Elemental and non-elemental olfactory learning using PER conditioning in the bumblebee, Bombus terrestris
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Learning olfactory stimuli and their implications is essential in bumblebees for orientation and recognition of nest sites and food sources. To evaluate associative learning abilities in bees under controlled environmental conditions, the proboscis extension response (PER) assay is a well-established method used in honeybees and has recently been successfully adapted to bumblebees. In this study, we examined the cognitive abilities of workers of the eusocial bumblebee, Bombus terrestris, by training individuals in different olfactory learning tasks using classical PER conditioning. We compared learning performance for four different floral odors. Individuals were able to solve absolute (A+) and differential (A+ vs. B−) conditioning tasks, and no differences were found between single odors and odor combinations, respectively. Furthermore, bumblebees performed well on a positive pattern discrimination task (A−, B− vs. AB+), but failed to solve the negative pattern discrimination (A+, B+ vs. AB−). Our results indicate that workers of B. terrestris possess elemental olfactory learning abilities, but, in contrast to previous findings in honeybees, fail in more complex tasks, such as negative pattern discrimination. We discuss possible ultimate causes that have led to the difference in learning capabilities between bumblebees and honeybees.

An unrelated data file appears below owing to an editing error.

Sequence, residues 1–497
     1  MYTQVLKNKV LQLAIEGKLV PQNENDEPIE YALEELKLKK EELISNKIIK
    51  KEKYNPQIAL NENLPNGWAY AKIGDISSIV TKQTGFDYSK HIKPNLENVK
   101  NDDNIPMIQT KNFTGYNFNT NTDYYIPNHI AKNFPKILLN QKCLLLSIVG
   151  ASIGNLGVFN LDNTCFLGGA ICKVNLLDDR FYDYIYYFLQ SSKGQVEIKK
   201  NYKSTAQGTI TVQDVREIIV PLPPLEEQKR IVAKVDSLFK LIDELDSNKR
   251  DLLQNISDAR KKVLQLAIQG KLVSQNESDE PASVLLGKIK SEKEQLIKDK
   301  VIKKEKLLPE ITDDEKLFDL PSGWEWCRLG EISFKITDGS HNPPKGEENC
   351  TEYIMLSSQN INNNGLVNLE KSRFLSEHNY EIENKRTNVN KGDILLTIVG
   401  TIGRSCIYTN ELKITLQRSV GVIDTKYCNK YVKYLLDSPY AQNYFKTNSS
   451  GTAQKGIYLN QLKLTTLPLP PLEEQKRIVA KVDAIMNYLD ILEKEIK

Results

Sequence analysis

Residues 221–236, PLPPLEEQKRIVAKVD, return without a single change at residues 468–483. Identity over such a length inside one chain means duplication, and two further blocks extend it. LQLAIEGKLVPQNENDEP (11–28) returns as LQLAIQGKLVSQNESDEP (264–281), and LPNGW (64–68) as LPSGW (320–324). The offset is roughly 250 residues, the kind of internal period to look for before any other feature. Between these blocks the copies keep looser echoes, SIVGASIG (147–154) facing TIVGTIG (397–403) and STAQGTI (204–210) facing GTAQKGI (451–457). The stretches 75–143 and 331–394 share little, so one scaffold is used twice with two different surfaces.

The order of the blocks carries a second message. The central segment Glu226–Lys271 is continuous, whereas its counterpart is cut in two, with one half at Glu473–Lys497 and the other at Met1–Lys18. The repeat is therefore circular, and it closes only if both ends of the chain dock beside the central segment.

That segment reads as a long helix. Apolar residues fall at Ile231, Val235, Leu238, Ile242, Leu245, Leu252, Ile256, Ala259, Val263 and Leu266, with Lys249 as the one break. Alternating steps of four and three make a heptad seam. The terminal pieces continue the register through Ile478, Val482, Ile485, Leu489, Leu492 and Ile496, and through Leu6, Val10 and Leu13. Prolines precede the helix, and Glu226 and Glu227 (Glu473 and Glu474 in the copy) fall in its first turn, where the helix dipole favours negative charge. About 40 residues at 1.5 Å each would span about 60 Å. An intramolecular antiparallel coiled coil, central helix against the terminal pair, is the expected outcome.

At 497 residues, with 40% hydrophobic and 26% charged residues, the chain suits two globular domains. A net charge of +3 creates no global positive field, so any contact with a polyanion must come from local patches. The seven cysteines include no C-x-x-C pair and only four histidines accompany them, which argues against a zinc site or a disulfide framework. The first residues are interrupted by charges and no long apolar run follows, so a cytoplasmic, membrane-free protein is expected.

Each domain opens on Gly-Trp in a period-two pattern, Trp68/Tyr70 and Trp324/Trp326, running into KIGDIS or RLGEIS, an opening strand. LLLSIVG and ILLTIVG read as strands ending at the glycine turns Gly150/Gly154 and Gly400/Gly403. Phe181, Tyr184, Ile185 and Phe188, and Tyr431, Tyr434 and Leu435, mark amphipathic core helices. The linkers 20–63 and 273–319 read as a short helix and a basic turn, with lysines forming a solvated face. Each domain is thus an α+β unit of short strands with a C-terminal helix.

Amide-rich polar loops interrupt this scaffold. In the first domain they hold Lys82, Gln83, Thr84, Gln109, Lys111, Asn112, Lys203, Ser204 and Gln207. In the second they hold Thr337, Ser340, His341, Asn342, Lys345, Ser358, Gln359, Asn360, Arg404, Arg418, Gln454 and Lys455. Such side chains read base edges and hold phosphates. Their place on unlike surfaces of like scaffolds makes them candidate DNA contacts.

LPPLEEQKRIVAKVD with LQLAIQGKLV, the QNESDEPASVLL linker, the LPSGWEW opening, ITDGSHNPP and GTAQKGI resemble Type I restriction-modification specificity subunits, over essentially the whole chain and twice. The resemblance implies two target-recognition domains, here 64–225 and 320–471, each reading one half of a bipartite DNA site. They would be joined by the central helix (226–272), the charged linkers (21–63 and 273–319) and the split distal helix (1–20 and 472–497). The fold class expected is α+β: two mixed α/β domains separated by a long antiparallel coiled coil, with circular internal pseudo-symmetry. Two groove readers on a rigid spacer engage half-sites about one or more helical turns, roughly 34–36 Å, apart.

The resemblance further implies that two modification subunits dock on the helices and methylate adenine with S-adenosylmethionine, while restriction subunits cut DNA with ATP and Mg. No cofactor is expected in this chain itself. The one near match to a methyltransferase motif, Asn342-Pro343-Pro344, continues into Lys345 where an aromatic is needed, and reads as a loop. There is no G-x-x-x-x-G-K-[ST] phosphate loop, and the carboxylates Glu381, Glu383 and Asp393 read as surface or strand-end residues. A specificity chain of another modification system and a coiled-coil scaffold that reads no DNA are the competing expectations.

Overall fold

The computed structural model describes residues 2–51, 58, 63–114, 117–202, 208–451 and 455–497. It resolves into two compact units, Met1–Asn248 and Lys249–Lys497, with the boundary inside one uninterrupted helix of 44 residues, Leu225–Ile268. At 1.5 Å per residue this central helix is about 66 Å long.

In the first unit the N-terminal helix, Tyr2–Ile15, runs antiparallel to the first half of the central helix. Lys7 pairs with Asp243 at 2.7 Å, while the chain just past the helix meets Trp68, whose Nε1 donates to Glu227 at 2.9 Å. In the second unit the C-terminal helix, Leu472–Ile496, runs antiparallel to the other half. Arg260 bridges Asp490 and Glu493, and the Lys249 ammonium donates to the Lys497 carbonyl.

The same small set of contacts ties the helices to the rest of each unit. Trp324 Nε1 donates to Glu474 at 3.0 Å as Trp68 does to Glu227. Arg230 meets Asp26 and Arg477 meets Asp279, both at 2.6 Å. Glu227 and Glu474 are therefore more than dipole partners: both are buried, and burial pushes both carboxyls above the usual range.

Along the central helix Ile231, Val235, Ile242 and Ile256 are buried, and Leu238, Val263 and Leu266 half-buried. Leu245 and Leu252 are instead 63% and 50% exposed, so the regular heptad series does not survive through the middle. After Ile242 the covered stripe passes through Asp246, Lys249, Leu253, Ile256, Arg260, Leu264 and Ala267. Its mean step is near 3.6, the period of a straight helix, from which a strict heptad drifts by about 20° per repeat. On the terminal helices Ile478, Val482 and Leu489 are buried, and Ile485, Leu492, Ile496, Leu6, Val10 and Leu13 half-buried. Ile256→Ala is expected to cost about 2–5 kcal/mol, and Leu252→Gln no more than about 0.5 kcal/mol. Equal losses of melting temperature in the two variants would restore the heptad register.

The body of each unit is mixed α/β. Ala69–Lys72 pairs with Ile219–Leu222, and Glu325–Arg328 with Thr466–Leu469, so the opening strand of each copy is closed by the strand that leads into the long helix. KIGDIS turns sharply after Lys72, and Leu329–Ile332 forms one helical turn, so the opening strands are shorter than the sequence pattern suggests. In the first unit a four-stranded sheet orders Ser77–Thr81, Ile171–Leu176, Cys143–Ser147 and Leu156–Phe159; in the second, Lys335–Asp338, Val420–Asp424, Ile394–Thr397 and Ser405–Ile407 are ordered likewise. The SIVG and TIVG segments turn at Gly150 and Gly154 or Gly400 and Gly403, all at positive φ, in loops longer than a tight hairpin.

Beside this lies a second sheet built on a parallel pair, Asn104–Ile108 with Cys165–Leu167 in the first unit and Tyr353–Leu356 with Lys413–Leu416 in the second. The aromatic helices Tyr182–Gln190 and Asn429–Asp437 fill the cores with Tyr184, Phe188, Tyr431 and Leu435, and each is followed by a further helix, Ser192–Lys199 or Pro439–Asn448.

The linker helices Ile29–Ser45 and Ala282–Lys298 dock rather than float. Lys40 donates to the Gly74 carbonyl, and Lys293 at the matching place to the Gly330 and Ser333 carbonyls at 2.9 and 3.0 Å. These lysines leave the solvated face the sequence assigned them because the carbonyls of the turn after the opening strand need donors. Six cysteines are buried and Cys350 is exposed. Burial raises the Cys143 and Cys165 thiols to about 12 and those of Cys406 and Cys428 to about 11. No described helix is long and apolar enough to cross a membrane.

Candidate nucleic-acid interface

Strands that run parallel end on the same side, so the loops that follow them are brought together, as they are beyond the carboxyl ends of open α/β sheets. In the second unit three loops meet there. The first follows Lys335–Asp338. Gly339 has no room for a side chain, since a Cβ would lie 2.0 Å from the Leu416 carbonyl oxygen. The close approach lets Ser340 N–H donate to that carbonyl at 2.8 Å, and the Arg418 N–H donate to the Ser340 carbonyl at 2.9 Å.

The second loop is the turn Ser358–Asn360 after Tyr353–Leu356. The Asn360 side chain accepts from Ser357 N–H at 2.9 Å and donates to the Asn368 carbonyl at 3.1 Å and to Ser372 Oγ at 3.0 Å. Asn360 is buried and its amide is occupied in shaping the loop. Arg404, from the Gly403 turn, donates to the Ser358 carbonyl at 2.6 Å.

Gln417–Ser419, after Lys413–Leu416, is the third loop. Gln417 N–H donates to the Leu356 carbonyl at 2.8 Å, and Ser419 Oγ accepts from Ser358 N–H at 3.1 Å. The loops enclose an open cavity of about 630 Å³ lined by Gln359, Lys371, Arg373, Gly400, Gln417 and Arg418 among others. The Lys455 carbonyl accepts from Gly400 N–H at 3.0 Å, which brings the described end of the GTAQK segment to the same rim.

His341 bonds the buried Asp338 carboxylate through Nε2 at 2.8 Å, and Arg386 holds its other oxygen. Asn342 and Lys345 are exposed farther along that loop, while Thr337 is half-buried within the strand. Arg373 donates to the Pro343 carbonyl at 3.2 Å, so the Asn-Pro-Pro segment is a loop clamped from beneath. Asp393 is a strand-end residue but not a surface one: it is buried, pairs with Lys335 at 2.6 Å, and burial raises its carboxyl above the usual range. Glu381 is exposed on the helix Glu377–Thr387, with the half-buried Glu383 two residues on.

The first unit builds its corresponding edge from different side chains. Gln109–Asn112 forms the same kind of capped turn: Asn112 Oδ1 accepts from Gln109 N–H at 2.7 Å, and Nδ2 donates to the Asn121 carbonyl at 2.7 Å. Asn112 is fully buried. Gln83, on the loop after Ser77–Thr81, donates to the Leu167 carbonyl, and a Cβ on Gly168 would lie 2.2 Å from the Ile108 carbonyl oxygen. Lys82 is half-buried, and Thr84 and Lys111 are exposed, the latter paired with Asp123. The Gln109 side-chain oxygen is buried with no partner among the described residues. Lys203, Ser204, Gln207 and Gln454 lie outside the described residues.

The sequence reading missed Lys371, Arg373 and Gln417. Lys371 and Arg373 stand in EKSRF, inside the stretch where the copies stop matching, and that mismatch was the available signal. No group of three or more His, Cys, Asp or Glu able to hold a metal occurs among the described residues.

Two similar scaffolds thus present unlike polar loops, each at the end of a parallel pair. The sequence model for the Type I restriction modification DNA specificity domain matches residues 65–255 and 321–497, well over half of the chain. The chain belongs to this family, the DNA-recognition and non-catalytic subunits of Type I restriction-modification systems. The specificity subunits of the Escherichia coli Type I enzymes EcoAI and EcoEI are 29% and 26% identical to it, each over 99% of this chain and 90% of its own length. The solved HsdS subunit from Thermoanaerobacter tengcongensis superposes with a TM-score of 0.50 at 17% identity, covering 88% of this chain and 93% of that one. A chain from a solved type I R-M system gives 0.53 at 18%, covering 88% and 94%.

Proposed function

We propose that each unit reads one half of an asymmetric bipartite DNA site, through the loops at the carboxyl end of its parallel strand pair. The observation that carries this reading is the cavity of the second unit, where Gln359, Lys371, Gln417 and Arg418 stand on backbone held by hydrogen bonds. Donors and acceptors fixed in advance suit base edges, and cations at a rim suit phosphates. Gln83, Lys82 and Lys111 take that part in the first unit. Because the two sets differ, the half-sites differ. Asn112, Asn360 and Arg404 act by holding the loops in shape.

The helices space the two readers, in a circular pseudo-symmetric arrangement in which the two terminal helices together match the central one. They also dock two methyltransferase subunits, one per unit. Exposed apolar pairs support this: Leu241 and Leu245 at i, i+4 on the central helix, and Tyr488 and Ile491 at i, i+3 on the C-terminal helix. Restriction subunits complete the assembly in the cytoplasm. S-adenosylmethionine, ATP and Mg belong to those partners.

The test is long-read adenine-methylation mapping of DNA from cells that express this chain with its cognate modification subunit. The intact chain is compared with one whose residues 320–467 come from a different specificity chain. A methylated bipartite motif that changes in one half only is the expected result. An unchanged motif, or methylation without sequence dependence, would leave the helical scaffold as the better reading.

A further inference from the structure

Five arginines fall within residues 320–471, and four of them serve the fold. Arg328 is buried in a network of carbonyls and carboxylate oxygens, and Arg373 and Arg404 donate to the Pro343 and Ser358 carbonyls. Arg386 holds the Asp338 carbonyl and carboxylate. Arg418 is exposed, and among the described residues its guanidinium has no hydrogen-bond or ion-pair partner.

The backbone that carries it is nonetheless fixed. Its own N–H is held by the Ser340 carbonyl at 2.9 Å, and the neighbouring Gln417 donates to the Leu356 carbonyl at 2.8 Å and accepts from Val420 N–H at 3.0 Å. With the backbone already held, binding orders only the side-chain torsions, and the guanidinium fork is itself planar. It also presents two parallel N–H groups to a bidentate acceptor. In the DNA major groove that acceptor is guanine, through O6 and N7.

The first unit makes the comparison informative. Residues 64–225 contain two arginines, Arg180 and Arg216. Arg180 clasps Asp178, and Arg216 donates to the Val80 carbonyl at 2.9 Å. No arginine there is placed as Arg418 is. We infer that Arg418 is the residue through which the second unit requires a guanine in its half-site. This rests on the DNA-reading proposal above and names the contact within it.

Keywordselemental learning Bombus terrestris proboscis extension conditioning bumblebee configural associations
We would like to thank Karin Möller for rearing the bumblebees. We also thank two anonymous reviewers for their helpful comments on an earlier draft of this manuscript. This work was supported by a PhD research scholarship offered by the Free State of Bavaria (Elitenetzwerk Bayern) to FMJS.
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